When I first heard the term ‘bespoke silicon,’ I had to get my dictionary out. Well versed in the silicon domain, I did not know what bespoke meant. It turns out to be a rather old-fashioned term for tailor made and seems to be very much British English. The word dates from 1583 and is the past participle of bespeak, according to the Oxford English Dictionary. American English by contrast more commonly uses the word custom. By now, custom silicon has been rebranded to bespoke silicon.
All the same, with plenty of attention in the industry , academia  and at conferences , I am now convinced bespoke silicon is here to stay.
But it seems that most participants in the bespoke silicon conversations miss out on one important aspect. Bespoke silicon requires bespoke EDA (electronic design automation), because one size does not fit all in EDA either. When I say bespoke EDA, I’m not talking about heavy duty work horses like place-and-route tools, static timing analyzers, or HDL simulators. These are fine-tuned to the hilt and support wide varieties of design styles. However, in the first steps of design creation, at the register transfer level (RTL), there are many side steps that can be made to improve the quality of a bespoken silicon design.
An interesting aspect is that it is difficult to provide tangible examples of bespoke EDA. System design houses that we interact with do not tell us what kind of bespoke EDA they are creating. After all, they do not want that information shared with their competitors, although one can easily guess the domains that get the most attention. Low power design tricks, design for test circuitry, intellectual property (IP) customization, and debug functionality quickly come to mind.
Standardization places an important role in bespoke EDA. Without the likes of SystemVerilog, VHDL, UVM, UPF, and encryption standards, it would be difficult to move design content around different EDA tools.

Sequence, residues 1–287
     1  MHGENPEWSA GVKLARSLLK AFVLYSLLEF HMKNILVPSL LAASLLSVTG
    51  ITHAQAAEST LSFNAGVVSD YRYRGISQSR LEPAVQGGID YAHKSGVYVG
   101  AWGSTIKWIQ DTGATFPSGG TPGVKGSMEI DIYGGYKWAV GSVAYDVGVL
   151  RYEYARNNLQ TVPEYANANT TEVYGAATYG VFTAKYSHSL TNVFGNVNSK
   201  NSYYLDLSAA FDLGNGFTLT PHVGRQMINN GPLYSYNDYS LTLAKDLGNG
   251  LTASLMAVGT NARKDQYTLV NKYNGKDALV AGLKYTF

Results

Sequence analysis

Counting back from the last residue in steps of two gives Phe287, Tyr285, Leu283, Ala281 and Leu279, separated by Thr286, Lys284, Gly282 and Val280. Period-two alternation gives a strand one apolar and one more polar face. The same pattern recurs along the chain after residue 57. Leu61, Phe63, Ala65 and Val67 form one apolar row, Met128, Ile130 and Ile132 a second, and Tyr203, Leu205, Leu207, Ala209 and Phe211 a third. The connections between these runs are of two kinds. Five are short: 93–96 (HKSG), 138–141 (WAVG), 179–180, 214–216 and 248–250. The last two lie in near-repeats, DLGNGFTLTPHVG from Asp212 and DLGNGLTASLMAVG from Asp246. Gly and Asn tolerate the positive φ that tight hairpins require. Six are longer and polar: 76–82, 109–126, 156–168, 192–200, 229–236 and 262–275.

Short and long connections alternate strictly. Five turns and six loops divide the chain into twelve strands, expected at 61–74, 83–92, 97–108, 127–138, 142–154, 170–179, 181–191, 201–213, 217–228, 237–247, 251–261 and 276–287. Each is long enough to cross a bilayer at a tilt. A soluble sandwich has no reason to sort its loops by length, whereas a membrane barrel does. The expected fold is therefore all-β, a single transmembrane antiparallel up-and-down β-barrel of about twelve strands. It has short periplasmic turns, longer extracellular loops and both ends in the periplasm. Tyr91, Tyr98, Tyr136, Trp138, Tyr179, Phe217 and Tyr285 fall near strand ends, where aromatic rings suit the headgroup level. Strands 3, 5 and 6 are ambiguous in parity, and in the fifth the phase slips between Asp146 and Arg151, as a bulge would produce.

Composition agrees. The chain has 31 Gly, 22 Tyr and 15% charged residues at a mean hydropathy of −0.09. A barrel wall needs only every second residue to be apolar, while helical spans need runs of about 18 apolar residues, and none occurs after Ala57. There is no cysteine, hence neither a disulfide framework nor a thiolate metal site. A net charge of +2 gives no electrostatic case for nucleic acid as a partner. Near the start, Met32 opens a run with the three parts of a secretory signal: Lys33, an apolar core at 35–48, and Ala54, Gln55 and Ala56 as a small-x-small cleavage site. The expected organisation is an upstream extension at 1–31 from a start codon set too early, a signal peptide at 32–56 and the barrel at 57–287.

Traditionally, EDA tools are written in C and C++ but those are not languages of choice for semiconductor design teams implementing bespoke EDA. Python, with its vast infrastructure and freely available open source packages, seems to be the front-runner here.
Another advantage that bespoke EDA can bring is the equal treatment of SystemVerilog and VHDL. Rather than dealing with different APIs to obtain, for example, all output ports in a VHDL entity or SystemVerilog module (and ending up with two scripts at the end), it is a lot more productive to have a single API aptly named all_outputs(object)and be done with it. Bespoke EDA’s building blocks will take care of it under the hood.
As I mentioned before, hard-core EDA tools are not going to be replaced by home-grown bespoke EDA applications. But don’t be surprised if real innovation will come from inside semiconductor design organizations that focus significant efforts on their in-house bespoke EDA applications.
About Verific Design Automation
Verific Design Automation is the leading provider of SystemVerilog, Verilog, VHDL and UPF Parser Platforms that enable project groups to develop advanced electronic design automation (EDA) products quickly and cost effective worldwide. With offices in Alameda, Calif., and Kolkata, India, Verific has shipped more than 60,000 copies of its software used worldwide by the EDA and semiconductor industry since it was founded in 1999.